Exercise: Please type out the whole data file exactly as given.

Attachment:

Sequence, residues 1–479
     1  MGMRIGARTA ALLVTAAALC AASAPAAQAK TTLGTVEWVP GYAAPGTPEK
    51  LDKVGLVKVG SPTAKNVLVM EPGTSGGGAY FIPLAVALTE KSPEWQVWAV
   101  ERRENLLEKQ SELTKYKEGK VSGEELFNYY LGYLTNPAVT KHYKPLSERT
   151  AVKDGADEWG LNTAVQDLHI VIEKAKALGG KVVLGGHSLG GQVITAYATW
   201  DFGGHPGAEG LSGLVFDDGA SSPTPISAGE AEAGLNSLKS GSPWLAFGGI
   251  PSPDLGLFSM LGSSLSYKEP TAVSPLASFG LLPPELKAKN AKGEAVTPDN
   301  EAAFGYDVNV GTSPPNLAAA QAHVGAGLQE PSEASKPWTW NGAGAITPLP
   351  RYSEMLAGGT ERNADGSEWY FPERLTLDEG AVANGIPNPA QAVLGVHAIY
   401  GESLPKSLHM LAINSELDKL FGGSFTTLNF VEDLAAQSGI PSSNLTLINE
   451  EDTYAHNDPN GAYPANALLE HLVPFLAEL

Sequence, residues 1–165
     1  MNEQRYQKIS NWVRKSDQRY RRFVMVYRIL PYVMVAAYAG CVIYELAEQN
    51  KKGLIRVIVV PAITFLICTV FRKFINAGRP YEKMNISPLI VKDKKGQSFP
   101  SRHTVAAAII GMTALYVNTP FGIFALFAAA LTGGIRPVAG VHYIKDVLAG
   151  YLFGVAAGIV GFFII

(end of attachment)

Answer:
Sequence, residues 1–479
     1  MGMRIGARTA ALLVTAAALC AASAPAAQAK TTLGTVEWVP GYAAPGTPEK
    51  LDKVGLVKVG SPTAKNVLVM EPGTSGGGAY FIPLAVALTE KSPEWQVWAV
   101  ERRENLLEKQ SELTKYKEGK VSGEELFNYY LGYLTNPAVT KHYKPLSERT
   151  AVKDGADEWG LNTAVQDLHI VIEKAKALGG KVVLGGHSLG GQVITAYATW
   201  DFGGHPGAEG LSGLVFDDGA SSPTPISAGE AEAGLNSLKS GSPWLAFGGI
   251  PSPDLGLFSM LGSSLSYKEP TAVSPLASFG LLPPELKAKN AKGEAVTPDN
   301  EAAFGYDVNV GTSPPNLAAA QAHVGAGLQE PSEASKPWTW NGAGAITPLP
   351  RYSEMLAGGT ERNADGSEWY FPERLTLDEG AVANGIPNPA QAVLGVHAIY
   401  GESLPKSLHM LAINSELDKL FGGSFTTLNF VEDLAAQSGI PSSNLTLINE
   451  EDTYAHNDPN GAYPANALLE HLVPFLAEL

Sequence, residues 1–165
     1  MNEQRYQKIS NWVRKSDQRY RRFVMVYRIL PYVMVAAYAG CVIYELAEQN
    51  KKGLIRVIVV PAITFLICTV FRKFINAGRP YEKMNISPLI VKDKKGQSFP
   101  SRHTVAAAII GMTALYVNTP FGIFALFAAA LTGGIRPVAG VHYIKDVLAG
   151  YLFGVAAGIV GFFII